We need to reclaim the idea of well-being. It took years of science showing how well-being actually improves our performance and makes us stronger and more resilient to finally begin to sink into our work culture. And now we’re in danger of losing the plot on the role of well-being in our workplaces. There’s a creeping sense that well-being is soft, that it somehow means treating employees as fragile, unable to deal with obstacles and challenges.
In fact, nothing could be further from the truth. The gains we’ve made on true well-being have been too hard earned to throw away so lightly. It took a long time to break from the model of work that became locked in during the Industrial Revolution, when all time not spent working (like time for sleep and rest and recharging) was seen as unproductive time to be colonized and monetized. Decades of science since then have made it clear that when we prioritize our well-being across six foundational behaviors—sleep, food, movement, stress management, focus and connection—we’re more resilient, more productive, and more creative.
In recent years, this idea of well-being was slowly taking root, and the collective delusion that burnout is the price we have to pay for success was finally beginning to crack. That’s why, in 2016, I founded Thrive—to do away with this delusion once and for all. Then the pandemic hit, and employee well-being rightly shot to the top of the agenda for nearly every company. That was a good thing. We were in an epidemic of stress and burnout long before COVID-19, and employee mental health suddenly became too urgent for leaders to ignore.
But mixed into the response was a seed of the idea that well-being was about coddling and removing challenges. Our cultural reckoning over the past few years around race and gender has brought long overdue progress. But we shouldn’t conflate making our workplaces safe and equitable for all employees with removing all discomfort, which isn’t good for organizations and isn’t good for employees either.
It’s a fundamental misreading of well-being, and we can see it popping up in stories like this one in The Wall Street Journal on a new push to get rid of the word “feedback” and replace it with “feedforward.” “Feedback” is supposed to be too “anxiety-inducing” and leaves employees “feeling defeated, weighed down by past actions.” Whereas “feedforward,” according to its proponents, “encourages improvement and development.”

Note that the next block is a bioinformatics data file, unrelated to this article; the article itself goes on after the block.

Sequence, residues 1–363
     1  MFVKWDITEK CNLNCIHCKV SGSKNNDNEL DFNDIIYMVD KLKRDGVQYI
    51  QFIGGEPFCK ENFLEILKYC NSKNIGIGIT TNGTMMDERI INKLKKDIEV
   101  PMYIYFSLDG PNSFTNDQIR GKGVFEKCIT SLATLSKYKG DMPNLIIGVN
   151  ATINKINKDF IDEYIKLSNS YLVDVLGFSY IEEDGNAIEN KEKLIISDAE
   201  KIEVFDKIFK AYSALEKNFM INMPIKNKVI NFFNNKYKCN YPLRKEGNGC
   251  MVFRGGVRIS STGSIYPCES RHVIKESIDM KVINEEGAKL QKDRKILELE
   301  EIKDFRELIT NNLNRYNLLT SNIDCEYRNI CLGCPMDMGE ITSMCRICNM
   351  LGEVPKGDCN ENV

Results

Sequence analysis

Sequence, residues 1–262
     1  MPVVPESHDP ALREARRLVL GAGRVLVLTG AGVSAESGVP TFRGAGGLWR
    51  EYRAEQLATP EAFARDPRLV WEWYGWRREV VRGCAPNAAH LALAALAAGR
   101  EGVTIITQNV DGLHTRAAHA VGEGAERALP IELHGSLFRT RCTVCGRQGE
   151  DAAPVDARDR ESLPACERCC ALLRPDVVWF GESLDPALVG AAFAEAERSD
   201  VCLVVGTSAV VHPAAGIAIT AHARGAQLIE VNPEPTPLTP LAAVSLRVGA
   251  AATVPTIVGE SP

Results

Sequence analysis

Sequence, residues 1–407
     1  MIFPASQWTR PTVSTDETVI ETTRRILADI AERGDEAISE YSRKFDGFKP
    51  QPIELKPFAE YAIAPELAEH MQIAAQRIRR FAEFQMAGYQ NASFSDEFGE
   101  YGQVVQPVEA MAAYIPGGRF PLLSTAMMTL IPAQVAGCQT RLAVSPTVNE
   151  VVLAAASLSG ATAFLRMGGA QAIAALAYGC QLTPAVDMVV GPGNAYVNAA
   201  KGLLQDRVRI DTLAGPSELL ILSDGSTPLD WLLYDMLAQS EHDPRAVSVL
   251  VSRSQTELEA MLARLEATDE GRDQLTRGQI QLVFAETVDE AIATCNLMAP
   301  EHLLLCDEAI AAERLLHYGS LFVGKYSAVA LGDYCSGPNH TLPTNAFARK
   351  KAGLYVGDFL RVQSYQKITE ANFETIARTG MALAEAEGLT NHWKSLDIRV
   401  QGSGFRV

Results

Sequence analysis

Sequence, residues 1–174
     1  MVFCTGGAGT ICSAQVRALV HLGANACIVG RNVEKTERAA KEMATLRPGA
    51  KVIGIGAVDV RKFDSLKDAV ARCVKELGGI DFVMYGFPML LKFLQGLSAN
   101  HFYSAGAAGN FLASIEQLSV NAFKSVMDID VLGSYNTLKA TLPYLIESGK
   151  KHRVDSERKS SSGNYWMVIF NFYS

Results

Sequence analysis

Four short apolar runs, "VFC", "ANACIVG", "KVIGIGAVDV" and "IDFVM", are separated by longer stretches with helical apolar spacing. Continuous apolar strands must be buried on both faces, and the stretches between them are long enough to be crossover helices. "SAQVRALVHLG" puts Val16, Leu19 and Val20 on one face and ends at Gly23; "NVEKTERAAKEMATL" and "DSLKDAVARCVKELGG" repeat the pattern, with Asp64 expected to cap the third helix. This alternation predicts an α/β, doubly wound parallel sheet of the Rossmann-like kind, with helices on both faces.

But getting real and honest feedback is how we grow, evolve, and improve. That’s a fundamental part not just of having a job but of being human. Of course feedback—and all workplace communications—should be delivered respectfully and in a way that encourages improvement and development. That’s why at Thrive our core company value is compassionate directness. But hiding feedback—or making up a new word for it—is neither compassionate nor respectful. It actually does a disservice to the person on the receiving end, denying them the opportunity to learn and grow. Real feedback is feedforward, we don’t need to euphemize it.
This idea of well-being is a category error, which we need to fix by more clearly defining what well-being is and what it isn’t. That’s all the more urgent, because now that we’re in more challenging economic times, some companies are questioning the value of employee well-being. And it becomes easier to question when we use a misguided definition of well-being that assumes it’s about coddling, or that a company’s responsibility toward employees is to remove any discomfort or challenges.
Well-being is about empowerment, not entitlement. At the heart of well-being practices is building resilience so we can deal with whatever challenges life, including work, brings—and yes, that may include constructive or even difficult feedback! That’s how we become stronger instead of more fragile.
The science is unequivocal that we need time to recharge and refuel. And as elite athletes have long known, recovery is part of peak performance. But dealing with obstacles and challenges is an inevitable part of life—and of any job. A real culture of well-being and resilience makes us more able to face them. Well-being, properly defined and practiced, is indeed a productivity multiplier.
But when we misinterpret well-being, we make it easy to dismiss, which is something we can’t afford. Too many employees need the real thing. According to Slack’s most recent Future Forum report, 42% of employees report feeling burned out, a record high since Future Forum first started measuring burnout in May of 2021. So let’s not throw the baby out with the bathwater. Our progress on true well-being has been too valuable to reverse course. A culture of well-being and resilience isn’t about removing challenges. It’s about believing in employees and their capacity to meet those challenges, and then giving them the tools (including honest feedback) to realize their full potential.
Huffington is the founder and CEO of Thrive Global
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